11. Aug 15, 2010 #10

    Danger

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    There is one practical application—a turbine mounted on a stationary vehicle in the presence of a significant breeze. You could, for instance, stick one on the roof of a parked RV to power your TV or computer. In that case, there would be no parasitic losses to the vehicle.
     
  12. Aug 15, 2010 #11
    The total wind power incident on a stationary horizontal axis wind turbine (HAWT) is P = ½ρAv3 (Newton-meters/sec), where ρ is the air density, A is the frontal area of the HAWT, and v is the wind velocity. The maximum theoretical efficiency of converting this wind power to turbine power is 16/27 = 59% (called the Betz limit). because the air needs sufficient residual energy (velocity) to move away from behind the turbine after passing through the blades. See

    http://www.wind-power-program.com/betz.htm

    Actual HAWT maximum efficiencies are ~40 to 45%. So putting a HAWT on the hood of a car will produce more drag force (F = ½ρCdAv2, Cd is drag coefficient) than it produces in electrical power. See

    http://en.wikipedia.org/wiki/Drag_(physics [Broken])

    Bob S
     
    Last edited by a moderator: May 4, 2017
  13. Aug 15, 2010 #12
    What if the wind turbines were placed in such a way as to reduce drag by redirecting the flow of air, such as at the back of a vehicle. If the turbines shifted the air flow so that it reduced the low pressure behind the vehicle, couldn't the vehicle theoretically move forward more easily while the turbine motion also generated electricity?
     
  14. Aug 15, 2010 #13

    russ_watters

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    What you are describing is a fan, not a turbine. A turbine impedes airflow.
     
  15. Aug 15, 2010 #14
    This is a very interesting point. The power loss due to air drag by a vehicle is P = ½ρACvv3, where Cv is the coefficient of drag, and A is the frontal area of the vehicle. The object of streamlining a vehicle is to reduce Cv. If a wind turbine could be placed in a location such that the reduction in the vehicle air drag power loss was >= the output power of the turbine, then you could theoretically have turbine "efficiency" over 100%. Any comments?

    Bob S
     
  16. Aug 15, 2010 #15

    RonL

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    Are the moderators ahead of the send action ?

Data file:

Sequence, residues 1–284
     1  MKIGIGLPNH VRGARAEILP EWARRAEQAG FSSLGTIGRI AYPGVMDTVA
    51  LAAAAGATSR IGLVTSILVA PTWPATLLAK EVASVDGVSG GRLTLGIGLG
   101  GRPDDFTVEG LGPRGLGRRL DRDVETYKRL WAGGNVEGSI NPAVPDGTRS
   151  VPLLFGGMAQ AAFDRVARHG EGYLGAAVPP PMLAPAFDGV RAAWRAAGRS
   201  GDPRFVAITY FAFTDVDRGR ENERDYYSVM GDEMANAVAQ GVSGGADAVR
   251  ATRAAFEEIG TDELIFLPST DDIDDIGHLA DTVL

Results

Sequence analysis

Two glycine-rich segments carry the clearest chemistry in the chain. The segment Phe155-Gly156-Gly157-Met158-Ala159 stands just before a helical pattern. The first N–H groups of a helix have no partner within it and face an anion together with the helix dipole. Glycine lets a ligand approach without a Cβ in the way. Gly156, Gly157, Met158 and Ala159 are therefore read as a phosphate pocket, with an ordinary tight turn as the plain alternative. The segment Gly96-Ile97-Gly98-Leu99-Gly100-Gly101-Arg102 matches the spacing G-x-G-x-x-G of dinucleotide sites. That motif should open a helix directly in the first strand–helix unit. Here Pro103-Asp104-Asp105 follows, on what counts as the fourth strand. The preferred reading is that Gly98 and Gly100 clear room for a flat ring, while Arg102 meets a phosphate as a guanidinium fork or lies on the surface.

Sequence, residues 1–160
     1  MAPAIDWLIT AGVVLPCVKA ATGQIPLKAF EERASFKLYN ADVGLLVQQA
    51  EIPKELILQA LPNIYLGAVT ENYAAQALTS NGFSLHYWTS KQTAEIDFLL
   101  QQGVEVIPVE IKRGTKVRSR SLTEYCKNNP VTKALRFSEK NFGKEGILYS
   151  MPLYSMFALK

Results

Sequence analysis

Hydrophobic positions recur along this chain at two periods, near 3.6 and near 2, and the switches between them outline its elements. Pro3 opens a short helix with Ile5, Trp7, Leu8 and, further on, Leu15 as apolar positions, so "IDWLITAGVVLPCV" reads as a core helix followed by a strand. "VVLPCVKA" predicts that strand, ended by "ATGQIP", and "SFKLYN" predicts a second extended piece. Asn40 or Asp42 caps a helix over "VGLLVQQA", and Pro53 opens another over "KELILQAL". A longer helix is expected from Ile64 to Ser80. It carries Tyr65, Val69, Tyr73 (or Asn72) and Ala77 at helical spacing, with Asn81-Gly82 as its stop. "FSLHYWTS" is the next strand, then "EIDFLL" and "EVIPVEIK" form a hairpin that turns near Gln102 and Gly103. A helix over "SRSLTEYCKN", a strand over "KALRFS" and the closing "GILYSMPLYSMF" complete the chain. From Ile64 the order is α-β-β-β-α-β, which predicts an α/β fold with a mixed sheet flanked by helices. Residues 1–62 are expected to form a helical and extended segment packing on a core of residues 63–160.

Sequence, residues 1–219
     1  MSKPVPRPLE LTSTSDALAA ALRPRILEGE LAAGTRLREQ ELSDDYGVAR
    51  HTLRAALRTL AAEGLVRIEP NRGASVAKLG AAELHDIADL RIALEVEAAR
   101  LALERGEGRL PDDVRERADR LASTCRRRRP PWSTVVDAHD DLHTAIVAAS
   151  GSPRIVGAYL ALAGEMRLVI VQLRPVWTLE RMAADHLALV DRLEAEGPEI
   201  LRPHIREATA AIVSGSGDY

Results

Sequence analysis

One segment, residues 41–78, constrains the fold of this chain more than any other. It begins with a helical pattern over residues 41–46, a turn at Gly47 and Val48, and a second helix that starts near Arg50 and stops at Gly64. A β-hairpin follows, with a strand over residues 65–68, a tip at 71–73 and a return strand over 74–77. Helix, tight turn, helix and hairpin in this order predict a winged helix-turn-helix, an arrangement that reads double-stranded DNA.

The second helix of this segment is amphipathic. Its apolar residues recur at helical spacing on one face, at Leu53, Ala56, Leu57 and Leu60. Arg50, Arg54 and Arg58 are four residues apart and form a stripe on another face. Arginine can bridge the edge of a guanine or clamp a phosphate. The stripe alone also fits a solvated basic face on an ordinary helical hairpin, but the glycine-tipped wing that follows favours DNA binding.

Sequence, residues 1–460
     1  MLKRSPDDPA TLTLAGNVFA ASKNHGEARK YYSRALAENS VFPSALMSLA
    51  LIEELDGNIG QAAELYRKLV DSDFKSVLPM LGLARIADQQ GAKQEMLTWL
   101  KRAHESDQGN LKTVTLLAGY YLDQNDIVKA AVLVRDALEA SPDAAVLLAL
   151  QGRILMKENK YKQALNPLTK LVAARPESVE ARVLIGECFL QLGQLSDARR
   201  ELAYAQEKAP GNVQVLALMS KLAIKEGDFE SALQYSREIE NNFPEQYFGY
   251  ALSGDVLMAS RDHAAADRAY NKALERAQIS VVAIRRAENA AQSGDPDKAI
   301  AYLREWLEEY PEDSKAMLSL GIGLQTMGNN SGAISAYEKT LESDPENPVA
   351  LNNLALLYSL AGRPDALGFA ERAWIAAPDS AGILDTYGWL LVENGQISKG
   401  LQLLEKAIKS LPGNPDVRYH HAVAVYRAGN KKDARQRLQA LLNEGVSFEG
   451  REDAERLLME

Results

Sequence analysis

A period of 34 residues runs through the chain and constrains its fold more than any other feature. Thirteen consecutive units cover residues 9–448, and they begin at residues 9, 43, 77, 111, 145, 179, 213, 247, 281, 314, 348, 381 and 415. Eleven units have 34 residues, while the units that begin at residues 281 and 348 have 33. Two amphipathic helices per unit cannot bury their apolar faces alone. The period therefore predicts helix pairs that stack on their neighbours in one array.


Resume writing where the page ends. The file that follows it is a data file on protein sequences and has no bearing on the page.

Just had a post disappear as I started to hit send. Anyhow I'll just say, warmer air flowing through a turbine of some sort, converting energy and pushing cold air into the draft area behind the vehicle will reduce drag to a point that the turbine should power the vehicle and have a surplus energy.

    I'm sure I could have said it better, but that does not happen often.

    Ron
     
  17. Aug 15, 2010 #16
    The situation we're talking about involves 0 air movement. Meaning all of the energy MUST be coming from the cars kinetic energy as it moves forward. Even if drag and friction on the turbine were minimized, the turbine still could never produce 100% of the energy that it takes to spin it to generate a select amount of energy. If it somehow manages to generate more than 100% of the energy which it took to spin it, then you just made a perpetual motion machine.
     
  18. Aug 15, 2010 #17

    russ_watters

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    No...
    Well it happens all the time in a jet engine, but a car driving down the highway is not a jet engine. A turbine by itself doesn't do any pushing and even in a jet engine is removing energy from the exhaust that would otherwise be propelling the plane.
     
  19. Aug 15, 2010 #18
    Perpetual motion machine is an exaggerated claim. If the vacuum forming behind the vehicle is increasing the drag, then it is already taking unnecessary energy from the engine. All this turbine would be doing is getting that energy back from the drag and reducing the drag at the same time. Probably it would be more efficient to just reduce the drag without the turbine, though, I'm guessing.
     
  20. Aug 15, 2010 #19

    RonL

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    There is more than one thing going on in respect to the car and the hood ornament windmill.
    Wind blowing straight at a stationary car at the speed of 50mph will produce the same exact drag friction as if the car is moving at 50mph. Drag is calculated using the square factor.
    Now consider a windmill, it is stationary and if a wind of 50mph blows straight at it, the energy of the wind is calculated using a cube factor.

    In my mind, energy in the air motion affects, at the expense of drag on the car shell, can be two different values. Proper ducting and turbine design can extract this energy to a high level of efficiency.

    My understanding is that a volume of warm air flowing at some velocity and performing work on a turbine of flow through design, will discharge that same volume at a colder temperature.
    Will energy required to move a volume of air, not be proportional and related to it's temperature ? if so then that amount of work (heat) has to be transferred into some action. I would propose on an electric car a Regen system.

    Ron
     
  21. Aug 17, 2010 #20
    I'm not sure what the power formula for a turbine spinning in air is. But, I'm going to go ahead and guess that it's similar to the formula for how much power a car needs to push that turbine through the air. In fact, the formulas are probably damn near identical.

    There's probably an air pressure, an area, and a V^3 in there.

    That said, I just don't see how any air pressure/ air deflection/ strategic placement trick would result in the power extracted by the turbine being greater than the power used to get it to spin.